says that the research is not credible for purposes of
student achievement. In reality, many charter schools are not
comparable to
similar public schools because of the time in which
children have spent there and the
benchmarks are not always the
same among all schools.

However, research is building in states that administer statewide
objective tests
based on proficiency in key standards. Fifteen
studies show positive achievement and
gains among charter
schools which, while preliminary and not comprehensive, in fact

do show that there is evidence that many work. Nearly every
study demonstrates that -
although the charter schools reviewed
focused on “at-risk” students who entered the
school performing
significantly below grade level – students’ progress was at or above

the progress recorded by students in surrounding traditional
public schools,
demographically comparable schools, or the
state average.

6) The Common Good Is Undermined, Sort Of (Choice Is Bad For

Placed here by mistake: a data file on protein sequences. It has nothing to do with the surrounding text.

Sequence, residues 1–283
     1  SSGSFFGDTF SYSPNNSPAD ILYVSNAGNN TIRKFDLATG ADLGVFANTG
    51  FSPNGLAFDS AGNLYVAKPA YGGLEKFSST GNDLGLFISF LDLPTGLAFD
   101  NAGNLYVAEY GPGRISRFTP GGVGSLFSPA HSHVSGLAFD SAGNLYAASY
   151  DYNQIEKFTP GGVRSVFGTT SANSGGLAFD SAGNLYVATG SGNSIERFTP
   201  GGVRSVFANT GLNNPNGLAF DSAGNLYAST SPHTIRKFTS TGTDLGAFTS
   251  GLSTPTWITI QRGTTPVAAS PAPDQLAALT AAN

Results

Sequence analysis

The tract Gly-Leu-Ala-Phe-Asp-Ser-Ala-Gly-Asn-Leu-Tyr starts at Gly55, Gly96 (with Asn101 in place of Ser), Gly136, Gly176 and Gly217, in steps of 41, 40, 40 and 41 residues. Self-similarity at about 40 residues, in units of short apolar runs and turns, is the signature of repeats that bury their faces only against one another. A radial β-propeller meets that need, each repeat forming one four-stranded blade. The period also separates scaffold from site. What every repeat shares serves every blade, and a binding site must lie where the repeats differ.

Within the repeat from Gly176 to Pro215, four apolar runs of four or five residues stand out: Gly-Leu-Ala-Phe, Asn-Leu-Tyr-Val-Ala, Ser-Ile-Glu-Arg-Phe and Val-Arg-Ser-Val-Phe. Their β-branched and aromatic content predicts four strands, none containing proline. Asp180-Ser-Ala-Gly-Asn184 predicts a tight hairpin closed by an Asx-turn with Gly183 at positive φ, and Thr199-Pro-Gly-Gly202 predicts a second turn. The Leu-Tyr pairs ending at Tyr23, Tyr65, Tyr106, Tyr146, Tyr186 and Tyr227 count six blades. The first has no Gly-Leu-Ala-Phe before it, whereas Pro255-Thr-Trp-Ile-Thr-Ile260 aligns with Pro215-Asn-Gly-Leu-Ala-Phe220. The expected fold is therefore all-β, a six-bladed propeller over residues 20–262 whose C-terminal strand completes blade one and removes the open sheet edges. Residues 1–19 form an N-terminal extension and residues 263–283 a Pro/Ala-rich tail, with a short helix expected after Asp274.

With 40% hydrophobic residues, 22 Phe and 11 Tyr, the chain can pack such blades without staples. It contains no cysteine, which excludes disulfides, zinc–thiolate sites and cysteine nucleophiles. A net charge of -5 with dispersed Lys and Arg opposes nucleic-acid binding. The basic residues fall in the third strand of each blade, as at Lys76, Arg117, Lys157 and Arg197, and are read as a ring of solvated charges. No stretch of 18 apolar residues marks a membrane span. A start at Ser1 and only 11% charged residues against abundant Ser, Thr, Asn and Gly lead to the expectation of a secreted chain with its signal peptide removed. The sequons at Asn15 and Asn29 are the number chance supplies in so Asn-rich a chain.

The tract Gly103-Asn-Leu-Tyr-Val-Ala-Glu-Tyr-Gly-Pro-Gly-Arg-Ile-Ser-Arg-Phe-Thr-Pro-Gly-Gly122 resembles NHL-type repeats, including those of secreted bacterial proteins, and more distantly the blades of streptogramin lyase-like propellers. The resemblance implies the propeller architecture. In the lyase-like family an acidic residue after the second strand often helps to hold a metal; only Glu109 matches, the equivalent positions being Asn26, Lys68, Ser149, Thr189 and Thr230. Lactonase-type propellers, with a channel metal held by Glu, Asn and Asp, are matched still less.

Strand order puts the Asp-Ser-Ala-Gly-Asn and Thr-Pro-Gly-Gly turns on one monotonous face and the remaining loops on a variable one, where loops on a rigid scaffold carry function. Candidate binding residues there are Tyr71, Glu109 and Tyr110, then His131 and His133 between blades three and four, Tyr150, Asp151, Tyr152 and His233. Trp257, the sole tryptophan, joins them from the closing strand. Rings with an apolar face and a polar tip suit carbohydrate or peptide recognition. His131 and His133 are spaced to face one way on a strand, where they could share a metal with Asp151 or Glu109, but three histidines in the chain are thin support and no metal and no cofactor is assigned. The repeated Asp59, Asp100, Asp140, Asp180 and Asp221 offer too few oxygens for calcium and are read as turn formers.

Critics say that the common good of public education is undermined
people choose to associate with people whose values they share.
The values most
identified by parents as reasons for their choosing
charters is the value of a good
education. Charters are a response to
failing schools and deficiencies in traditional
public schools.
Therefore charter schools should be judged on how well they satisfy
need and desire for alternatives and not on some larger notion
of public good that
doesn’t necessarily manifest itself in good schools.

Charter schools are based largely upon accountability. They must be
by a state agency designed to review the quality and
effectiveness of these schools. If
the applications cannot clear the
bar, or if the schools do not meet their contractual
the public good is not served and the school will not be approved
or will be
shut down.

Can traditional public schools make the same claim?

The Center for Education Reform is a national, independent, non-profit
advocacy organization
providing support and guidance to individuals,
community and civic groups, policymakers and
others who are working
to bring fundamental reforms to their schools. For further information,

please call (202) 822-9000.